The intersection of data science and advertising is one of the most innovative spaces in the business world today. We recently sat down with Audrey Rusch, Oracle’s senior director of activation development, to discuss her work at Oracle, her recent board role at the Advertising Research Foundation (ARF), and her advice to young professionals entering the field.
What’s your role at Oracle?
I’m responsible for the organization that develops activation products within Oracle Advertising. We provide intelligent data to help our advertising clients show targeted, relevant ads. Advertisers use our products to help deliver relevant messages at the right time, at the right place, and to the right person. These data products are either identity-based or contextual-based.
How are brands balancing personalization and privacy?
Brands today face challenges negotiating the line between personalization and privacy. There's a lot of awareness evolution happening now that includes regulatory issues, and a broader industry discussion around “where is that line?” It’s different for every advertiser and every person.
There are three parties involved in a digital advertising transaction: the ad platform that serves the ads, the advertiser that creates the ads, and the consumer who receives the ads. Each party has different expectations around personalization and privacy that you try to balance, but it’s never going to be perfect for everybody.
How does the ARF support the advertising industry?
Advertising casts a wide net of creative individuals in both digital and print advertising. And the ARF is building a community of leaders and people with various experiences in that space. It’s an honor to be selected to ARF’s 2021 Women in Analytics Board of Directors, and to collaborate with this group to influence the future of advertising.
What are you looking forward to as part of WIA at ARF?
Advertising industry applications for analytics are as diverse and specialized as the brands in this space. I am interested in learning how others are applying analytics to make advertising campaigns even more successful and in sharing my experience with others who are just getting started in the field.
How important is finding passion in your work?
One of the most important things you can do is decide what industry matches your interests. Today, data is everywhere; many organizations need people to help pull insights out of that data and apply it to an industry or business problem. Find an industry that interests you because there are data problems (and career opportunities) everywhere.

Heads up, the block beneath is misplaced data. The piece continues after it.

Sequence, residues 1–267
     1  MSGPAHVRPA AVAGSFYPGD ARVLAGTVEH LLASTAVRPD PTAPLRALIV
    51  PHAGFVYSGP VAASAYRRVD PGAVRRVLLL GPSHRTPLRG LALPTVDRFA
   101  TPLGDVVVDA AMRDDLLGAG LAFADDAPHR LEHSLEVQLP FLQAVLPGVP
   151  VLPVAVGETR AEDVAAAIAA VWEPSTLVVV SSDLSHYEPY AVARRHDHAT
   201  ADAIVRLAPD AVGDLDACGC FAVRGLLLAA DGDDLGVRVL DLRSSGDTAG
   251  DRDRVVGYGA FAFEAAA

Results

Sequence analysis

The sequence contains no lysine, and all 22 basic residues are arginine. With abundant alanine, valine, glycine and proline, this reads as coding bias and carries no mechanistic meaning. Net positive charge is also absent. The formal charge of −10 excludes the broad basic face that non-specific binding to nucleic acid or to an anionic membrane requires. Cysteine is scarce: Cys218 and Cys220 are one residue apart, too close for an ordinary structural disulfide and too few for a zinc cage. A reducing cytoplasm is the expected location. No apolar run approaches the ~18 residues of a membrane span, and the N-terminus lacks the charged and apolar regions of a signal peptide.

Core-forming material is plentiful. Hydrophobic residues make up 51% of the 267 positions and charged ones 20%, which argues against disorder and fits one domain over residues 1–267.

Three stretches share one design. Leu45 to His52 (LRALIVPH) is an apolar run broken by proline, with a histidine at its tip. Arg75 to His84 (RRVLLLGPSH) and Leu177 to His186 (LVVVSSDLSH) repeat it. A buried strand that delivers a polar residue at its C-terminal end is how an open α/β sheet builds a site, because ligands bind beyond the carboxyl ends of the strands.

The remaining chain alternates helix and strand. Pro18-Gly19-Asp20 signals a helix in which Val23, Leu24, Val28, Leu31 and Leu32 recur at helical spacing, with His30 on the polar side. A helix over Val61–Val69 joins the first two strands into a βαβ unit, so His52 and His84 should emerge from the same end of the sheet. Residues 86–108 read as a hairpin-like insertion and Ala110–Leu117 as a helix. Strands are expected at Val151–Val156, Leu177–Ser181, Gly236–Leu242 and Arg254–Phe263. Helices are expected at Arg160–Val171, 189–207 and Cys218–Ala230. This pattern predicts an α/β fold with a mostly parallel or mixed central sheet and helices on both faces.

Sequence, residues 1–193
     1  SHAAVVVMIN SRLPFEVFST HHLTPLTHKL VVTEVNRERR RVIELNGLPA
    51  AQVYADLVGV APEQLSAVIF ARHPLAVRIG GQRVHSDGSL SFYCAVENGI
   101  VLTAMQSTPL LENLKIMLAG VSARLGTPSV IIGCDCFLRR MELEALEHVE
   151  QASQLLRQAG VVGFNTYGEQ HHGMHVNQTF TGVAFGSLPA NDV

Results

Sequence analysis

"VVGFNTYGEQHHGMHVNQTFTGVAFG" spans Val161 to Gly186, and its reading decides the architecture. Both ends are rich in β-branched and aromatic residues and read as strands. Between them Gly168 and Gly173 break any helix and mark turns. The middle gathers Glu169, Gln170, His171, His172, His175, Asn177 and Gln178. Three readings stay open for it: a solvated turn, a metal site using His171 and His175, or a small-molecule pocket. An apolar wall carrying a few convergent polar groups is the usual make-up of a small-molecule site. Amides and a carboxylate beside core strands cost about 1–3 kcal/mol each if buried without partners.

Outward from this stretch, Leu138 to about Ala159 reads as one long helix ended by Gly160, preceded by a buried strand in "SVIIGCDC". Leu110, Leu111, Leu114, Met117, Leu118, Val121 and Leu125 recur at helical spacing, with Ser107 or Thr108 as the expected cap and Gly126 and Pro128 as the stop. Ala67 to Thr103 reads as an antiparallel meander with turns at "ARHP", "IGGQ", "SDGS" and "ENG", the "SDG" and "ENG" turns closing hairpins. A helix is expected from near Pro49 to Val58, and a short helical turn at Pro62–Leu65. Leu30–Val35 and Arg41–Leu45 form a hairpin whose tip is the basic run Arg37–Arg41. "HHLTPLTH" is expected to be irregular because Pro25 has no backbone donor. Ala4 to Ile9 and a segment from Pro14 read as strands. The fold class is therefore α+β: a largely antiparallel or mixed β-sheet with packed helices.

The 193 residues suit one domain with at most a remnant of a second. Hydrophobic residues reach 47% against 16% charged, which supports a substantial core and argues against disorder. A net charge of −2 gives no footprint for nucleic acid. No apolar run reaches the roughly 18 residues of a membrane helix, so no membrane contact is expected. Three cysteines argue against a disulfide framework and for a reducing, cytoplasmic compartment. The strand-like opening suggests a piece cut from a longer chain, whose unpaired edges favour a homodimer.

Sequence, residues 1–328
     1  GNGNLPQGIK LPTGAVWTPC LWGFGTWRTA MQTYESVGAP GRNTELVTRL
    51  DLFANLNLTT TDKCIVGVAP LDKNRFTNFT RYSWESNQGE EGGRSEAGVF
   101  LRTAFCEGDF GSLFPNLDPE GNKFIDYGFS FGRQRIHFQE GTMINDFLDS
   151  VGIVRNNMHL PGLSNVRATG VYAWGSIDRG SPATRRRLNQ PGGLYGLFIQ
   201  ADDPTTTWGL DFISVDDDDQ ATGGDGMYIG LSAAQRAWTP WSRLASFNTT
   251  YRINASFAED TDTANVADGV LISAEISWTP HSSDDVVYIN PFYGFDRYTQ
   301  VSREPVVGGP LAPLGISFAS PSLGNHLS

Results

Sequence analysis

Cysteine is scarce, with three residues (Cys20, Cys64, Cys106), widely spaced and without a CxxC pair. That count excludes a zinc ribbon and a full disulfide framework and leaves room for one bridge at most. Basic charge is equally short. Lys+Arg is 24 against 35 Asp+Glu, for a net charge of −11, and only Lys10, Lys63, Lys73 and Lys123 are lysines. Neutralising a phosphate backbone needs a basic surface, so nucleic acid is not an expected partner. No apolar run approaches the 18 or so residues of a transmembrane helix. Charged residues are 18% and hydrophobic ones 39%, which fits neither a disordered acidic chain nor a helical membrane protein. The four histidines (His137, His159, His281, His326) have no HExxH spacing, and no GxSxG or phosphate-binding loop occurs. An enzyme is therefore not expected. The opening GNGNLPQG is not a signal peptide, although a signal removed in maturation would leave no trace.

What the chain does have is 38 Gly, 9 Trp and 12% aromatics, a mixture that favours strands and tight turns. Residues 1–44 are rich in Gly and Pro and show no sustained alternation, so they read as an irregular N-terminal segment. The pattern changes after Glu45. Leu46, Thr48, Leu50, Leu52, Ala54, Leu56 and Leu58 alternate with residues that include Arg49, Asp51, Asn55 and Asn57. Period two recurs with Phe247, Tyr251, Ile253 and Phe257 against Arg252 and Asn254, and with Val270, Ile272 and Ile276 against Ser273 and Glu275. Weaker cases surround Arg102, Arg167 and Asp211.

What advice do you have for recent graduates in this field?
Understand that the reason you may have been drawn into data science and analytics in the first place, the algorithms and the modeling, is likely a small subset of your job. So, frame your expectations around what you’re doing in your job.
As a data scientist, your primary job is not to create or code up an algorithm. Your job is to figure out how to use those algorithms to solve business problems and to understand the data.
How does your role (and mindset) change as you transition from “building” to “managing”?
When you think about transitioning to a management or director role, remember that it’s no longer just about your technical knowledge. It's also about your ability to influence others and manage through a team.
A big challenge when you’re shifting from being an individual contributor to a manager is to recognize where you add the most value. As an individual contributor, your value is completing an analysis, doing a good job explaining it, and putting all your energy into a tangible deliverable.
As you get to a director-level role, you are putting your energy into the people who are creating those deliverables. Although the deliverables are still important, it can be challenging to reframe your mindset as your scope of responsibility increases. The value isn’t from you doing the work: it's how you support and enable others to do their work.
How is Oracle Advertising advancing activation?
We’re investing in building out our supply of data that’s not based on third-party cookies. We’re investing in the systems that can then combine those data sets in all the ways we might want to combine them to drive and unlock new insights for our customers.
How will this work?
In addition to envisioning an ID-based future beyond cookies, we’re also focused on how we evolve by combining ID-based information with contextual-based information when you are at that point of ad decisioning. And we are expanding the application of contextual solutions.
Our mission remains the same: how do we help our clients reach their customers more effectively? What's changing is how we do this—and that means interesting opportunities for all types of developers—data scientists and engineers.